A recent Time article describes a situation, that in spite of the over use and abuse of the term, may only be described as Orwellian.
or if OV's code butchers the link, copy and paste:
How does it work? According to the article, every 7 seconds your cell phone sends out a signal that traces your approximate location. If the phone is equipped with GPS, your location is identified with pinpoint accuracy. Not only are you tracked every seven seconds while carrying your phone, the phone company keeps a permanent record of your every move. As bad as that is, it gets worse. If the government wants to know where you've been, and what you've been doing, all it has to do is ask. The phone company turns over the data - no warrant required.
It's technology J. Edgar Hoover had wet dreams about.
Did you spend the night at the home of a girl you met at a party in 2005? If you did, your phone company has a record of it. Did a potential political candidate visit an adult book store on her lunch hour in 2002? Were the cell phones of a certain TV station manager and his secretary joined at the hip at a local Motel 6 last month? Did the mailman take 2 hours to deliver a letter to the home of a certain political activist's wife? Where did the CEO of Defense Contracting, Inc. spend his time on that business trip to Tampa last year? How about that Federal judge hearing a case against the government? Is it possible to dig up a little dirt that might influence the case? Just ask the phone company. The most massive collection of potential blackmail evidence in the history of the world is only a phone call away. The potential for abuse is virtually unlimited.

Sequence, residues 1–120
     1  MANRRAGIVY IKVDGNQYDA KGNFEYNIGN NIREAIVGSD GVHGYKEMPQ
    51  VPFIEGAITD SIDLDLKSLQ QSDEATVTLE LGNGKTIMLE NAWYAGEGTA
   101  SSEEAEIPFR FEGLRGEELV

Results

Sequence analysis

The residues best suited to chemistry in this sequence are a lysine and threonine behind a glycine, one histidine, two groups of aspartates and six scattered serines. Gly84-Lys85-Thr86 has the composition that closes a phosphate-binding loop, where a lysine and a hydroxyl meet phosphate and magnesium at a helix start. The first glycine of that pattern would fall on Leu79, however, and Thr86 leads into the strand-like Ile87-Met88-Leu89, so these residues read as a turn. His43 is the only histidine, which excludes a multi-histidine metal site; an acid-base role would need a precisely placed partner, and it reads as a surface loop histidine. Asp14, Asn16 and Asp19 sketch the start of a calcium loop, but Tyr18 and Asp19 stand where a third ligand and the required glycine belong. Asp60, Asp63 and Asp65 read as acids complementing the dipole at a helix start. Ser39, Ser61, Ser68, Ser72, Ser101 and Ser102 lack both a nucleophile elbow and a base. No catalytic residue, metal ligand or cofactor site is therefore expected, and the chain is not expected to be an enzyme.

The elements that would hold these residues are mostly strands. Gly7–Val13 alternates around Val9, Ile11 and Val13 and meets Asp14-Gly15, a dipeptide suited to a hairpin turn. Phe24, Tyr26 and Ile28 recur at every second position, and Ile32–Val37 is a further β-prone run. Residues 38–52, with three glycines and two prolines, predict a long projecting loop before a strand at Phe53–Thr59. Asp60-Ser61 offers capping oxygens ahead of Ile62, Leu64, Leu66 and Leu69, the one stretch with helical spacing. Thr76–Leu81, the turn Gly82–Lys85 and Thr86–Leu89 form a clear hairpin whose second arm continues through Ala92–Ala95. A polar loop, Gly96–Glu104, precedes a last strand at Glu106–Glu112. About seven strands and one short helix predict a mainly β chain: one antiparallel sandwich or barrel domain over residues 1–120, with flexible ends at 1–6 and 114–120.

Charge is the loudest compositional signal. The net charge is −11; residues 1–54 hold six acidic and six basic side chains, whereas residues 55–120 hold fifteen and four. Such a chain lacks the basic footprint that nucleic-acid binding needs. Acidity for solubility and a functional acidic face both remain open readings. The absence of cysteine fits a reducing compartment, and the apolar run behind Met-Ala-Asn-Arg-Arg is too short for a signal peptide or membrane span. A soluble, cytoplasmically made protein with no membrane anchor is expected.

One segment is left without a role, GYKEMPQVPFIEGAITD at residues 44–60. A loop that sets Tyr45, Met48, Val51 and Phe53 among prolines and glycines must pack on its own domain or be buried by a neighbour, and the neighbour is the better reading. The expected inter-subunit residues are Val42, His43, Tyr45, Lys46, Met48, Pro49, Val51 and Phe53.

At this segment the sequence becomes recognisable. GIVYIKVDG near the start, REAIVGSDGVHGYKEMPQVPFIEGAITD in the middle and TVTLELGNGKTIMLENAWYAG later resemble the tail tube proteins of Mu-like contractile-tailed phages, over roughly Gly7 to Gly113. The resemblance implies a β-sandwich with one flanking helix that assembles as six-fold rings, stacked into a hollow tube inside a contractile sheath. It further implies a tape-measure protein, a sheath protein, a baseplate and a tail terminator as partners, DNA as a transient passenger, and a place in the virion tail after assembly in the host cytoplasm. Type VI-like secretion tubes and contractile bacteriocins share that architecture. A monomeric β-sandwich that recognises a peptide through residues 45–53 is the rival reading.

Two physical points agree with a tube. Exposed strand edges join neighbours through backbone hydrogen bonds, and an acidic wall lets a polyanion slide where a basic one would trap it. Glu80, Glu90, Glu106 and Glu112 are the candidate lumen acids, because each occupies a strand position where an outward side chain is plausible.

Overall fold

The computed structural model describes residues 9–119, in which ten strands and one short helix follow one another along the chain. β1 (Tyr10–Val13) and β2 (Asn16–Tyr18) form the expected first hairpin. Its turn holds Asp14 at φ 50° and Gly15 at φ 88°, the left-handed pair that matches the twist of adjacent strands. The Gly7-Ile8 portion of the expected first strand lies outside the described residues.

Big Brother really is watching you. Mr. Orwell's vision of the future has come to pass - although somewhat later than George predicted, in ways he never imagined even in his worst nightmares.
Anyone who isn't furious sure ought to be. As amazing as it might seem, once upon a time everyone got by just fine without cell phones. Until big business, and big government, learns to honor our right to privacy in the course of peacefully going about our private affairs, perhaps folks need to see just how easily we can get by without them now.
If it's important, people will call back.